Architects Talking to Architects: Ryan Flener, Assoc. AIA

Ryan Flener, Assoc. AIA, received his B.Arch in 2010 from the University of Tennessee College of Architecture & Design, where he was heavily influenced by the historical relationships between body and building. An intern architect at Good Fulton & Farrell, Flener has been actively involved with the Communications Committee since moving from his hometown of Louisville, Kentucky in late 2011. Ryan resides in downtown Dallas, where he often finds himself submerged in musical endeavors with The Town Planners, and in architectural design research under The Planning Agency.

Ryan Flener, Assoc. AIA

Ryan Flener, Assoc. AIA. – photo by Nicholas McWhirter

Where did you grow up?

I grew up in Louisville, which sits in north-central Kentucky on the Ohio River. It’s a really cool place, for those who haven’t been. It has unexpected characteristics of the northeast and southeast that resonate from the Civil War. Louisville, truly, is neither. It’s a city of 750,000 but functions like a small town; everybody knows everybody. I’m always impressed with each visit home. Louisville is moving in the right direction to make for a great city. Also, there’s no better place in the country to watch college basketball; fact.

What sort of music do you like to listen to?

I’m a music snob — which is ridiculous since I know very little about the theory of it — but I like all types of music so long as it is thought out, well written, and tastefully crafted. I like to listen to great guitar players like Chet Atkins, John Williams, or Bill Frisell. That being said, I still enjoy the simplicity and clarity of blues, country, and Motown. Some old-school hip-hop is always good under the gun, too.

Pen, pencil or computer?

I prefer pen to pencil. The imperfections in our drawings are the most important characteristics, and the nature of the pen exploits that. Pencils are for math. 


A pen sketch of Am-Horn cemetery in Weimar Germany – by Ryan Flener

I also like to make collages and montages by hand as a way of sketching. Especially when thinking conceptually, the montage has freedoms that drawing does not. The image is, at once, physically tangible while maintaining some sense of fantasy.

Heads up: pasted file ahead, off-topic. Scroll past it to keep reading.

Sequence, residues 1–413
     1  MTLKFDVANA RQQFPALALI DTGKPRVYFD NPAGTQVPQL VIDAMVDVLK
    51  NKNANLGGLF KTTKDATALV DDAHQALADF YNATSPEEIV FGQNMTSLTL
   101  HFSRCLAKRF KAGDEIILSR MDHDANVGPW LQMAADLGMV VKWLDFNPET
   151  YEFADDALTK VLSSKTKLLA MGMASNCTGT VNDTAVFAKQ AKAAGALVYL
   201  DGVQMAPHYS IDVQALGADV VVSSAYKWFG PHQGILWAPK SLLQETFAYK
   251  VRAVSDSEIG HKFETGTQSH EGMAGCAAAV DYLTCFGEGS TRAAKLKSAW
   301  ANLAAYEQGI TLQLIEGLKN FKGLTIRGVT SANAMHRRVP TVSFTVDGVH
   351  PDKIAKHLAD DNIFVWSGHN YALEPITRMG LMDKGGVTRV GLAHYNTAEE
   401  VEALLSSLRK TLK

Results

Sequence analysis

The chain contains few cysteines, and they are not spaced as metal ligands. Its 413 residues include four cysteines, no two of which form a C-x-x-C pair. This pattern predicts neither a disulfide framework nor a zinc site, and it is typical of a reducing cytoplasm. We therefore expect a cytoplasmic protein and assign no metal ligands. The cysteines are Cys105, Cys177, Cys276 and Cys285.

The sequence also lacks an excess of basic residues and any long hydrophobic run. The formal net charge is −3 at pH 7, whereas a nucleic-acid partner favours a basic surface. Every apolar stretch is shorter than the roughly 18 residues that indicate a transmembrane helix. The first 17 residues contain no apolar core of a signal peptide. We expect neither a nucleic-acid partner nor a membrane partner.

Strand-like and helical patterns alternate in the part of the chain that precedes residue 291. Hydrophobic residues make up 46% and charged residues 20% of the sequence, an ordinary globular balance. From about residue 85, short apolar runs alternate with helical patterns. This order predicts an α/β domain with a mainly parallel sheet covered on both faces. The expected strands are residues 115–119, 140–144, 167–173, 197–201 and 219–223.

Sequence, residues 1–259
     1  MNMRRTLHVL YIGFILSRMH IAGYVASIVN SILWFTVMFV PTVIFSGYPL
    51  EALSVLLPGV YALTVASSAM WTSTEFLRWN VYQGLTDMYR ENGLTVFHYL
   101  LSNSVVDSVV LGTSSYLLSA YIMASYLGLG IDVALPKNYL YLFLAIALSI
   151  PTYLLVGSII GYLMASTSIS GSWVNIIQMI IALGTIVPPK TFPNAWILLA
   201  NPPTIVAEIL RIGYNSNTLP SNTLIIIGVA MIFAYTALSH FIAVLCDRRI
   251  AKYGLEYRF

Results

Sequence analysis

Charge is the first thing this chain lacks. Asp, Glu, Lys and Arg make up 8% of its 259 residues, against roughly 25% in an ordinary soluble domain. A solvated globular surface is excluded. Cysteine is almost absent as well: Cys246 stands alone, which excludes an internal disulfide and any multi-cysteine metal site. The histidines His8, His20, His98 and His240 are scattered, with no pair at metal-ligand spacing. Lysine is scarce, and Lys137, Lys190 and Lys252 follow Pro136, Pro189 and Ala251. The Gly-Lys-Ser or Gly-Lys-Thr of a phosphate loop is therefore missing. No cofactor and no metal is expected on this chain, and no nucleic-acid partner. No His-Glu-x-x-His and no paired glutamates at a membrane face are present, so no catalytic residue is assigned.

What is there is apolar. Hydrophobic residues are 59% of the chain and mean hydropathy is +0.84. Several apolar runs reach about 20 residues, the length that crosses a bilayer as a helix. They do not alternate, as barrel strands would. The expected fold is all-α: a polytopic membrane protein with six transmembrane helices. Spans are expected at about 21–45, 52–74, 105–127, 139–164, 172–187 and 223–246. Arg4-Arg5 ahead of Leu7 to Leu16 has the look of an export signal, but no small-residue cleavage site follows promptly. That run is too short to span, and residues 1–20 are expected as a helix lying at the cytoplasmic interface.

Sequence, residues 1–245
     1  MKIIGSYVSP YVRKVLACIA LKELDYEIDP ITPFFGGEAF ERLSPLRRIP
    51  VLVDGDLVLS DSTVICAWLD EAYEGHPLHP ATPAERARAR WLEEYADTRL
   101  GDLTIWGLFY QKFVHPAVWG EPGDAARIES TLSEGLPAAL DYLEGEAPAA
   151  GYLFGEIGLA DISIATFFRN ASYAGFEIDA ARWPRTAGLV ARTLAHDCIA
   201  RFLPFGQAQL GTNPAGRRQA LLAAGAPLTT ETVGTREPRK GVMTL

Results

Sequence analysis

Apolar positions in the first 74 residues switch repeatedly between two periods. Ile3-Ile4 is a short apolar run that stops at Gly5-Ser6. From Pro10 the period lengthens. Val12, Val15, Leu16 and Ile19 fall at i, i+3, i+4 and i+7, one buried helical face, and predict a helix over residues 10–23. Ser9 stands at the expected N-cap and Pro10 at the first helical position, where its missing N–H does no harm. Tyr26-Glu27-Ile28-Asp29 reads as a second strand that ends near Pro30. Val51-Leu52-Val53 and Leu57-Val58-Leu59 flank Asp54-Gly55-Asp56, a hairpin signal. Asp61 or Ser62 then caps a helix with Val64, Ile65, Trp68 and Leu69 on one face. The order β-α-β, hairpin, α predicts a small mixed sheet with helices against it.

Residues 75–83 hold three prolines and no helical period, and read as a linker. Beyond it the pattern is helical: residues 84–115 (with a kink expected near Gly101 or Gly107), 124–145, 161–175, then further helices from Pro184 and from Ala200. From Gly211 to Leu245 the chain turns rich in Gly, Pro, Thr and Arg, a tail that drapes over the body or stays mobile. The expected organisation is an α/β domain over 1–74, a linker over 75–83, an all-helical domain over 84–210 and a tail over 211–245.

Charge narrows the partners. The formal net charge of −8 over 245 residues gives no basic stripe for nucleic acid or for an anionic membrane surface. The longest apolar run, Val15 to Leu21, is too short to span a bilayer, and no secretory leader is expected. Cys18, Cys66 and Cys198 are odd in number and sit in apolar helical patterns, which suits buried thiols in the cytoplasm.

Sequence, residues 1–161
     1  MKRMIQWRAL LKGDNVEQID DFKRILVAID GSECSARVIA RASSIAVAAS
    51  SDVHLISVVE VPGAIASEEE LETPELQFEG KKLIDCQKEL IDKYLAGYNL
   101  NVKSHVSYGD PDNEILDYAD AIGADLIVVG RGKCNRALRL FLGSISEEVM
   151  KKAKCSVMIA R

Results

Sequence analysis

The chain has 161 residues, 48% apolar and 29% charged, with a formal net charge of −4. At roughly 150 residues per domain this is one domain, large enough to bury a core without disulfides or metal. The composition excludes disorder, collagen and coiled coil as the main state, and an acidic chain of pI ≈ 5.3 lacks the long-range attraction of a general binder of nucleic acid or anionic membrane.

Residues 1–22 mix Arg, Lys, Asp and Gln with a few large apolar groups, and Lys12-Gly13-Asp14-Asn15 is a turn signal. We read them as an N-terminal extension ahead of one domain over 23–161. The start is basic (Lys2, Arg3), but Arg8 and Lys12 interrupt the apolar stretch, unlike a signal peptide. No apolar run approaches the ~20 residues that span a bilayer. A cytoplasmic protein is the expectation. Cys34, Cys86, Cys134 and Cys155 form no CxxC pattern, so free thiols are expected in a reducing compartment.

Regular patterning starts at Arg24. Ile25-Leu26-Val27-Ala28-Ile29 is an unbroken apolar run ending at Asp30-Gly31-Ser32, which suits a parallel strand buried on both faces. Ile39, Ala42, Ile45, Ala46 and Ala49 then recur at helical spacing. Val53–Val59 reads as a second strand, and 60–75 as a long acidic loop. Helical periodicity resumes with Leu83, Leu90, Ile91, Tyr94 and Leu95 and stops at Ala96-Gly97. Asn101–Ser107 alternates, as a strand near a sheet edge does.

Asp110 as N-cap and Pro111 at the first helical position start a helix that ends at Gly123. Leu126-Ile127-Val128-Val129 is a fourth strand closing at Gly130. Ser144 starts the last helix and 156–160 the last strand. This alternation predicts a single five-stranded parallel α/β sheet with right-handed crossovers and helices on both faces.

montage, art

"On contemporary Global Culture" – by Ryan Flener

montage, art

"In memoriam: 50 Years after JFK" – by Ryan Flener

Where do you find inspiration?

I am inspired by the people I surround myself with and the energy they give off; the people who sing out loud in the shower even if they can’t sing, the people who question everything, and the ones who always fight for what they believe in and never back down — those are the people I try to be around. The world we live in is not a tidy one, so staying optimistic in our criticism and work is ever more important, for my generation especially.

What is your favorite time of year?

I’ve always liked fall and winter. There’s something to be said for the long cold days of the year. It’s a phenomenon as magical as spring and summer I think. That point when the city gets darker earlier and colder for longer is a fascinating event; it seems more machine-like. Winter is a good time to hibernate from the travelling and exhausting work in the other months as everything seems to slow down for once. Now that I think about it, our parties in college were way better during the longer nights of winter.

What is the next building you plan to travel to in order to see for yourself?

Next year I intend on making a trip to Rhode Island to visit some of the earlier works by McKim Meade and White, such as the Isaac Bell House and the Newport Casino. There’s a rigor and discipline to their work that is rarely practiced or taught today. Historic American architecture is way too often overlooked.

Isaac Bell House

Isaac Bell house (1880), a shingle style masterpiece, by McKim Meade and White. – via Flickr; hughesmikea 

"Architects Talking to Architects" is a column on the Texas Society of Architects blog that spotlights members from across the state at different points of development in their career. All participants are given the same set of questions with instructions to answer any six, giving them the opportunity to highlight the items they feel are most interesting. Have someone you'd like to see featured in "Architects Talking to Architects?" Email to let us know!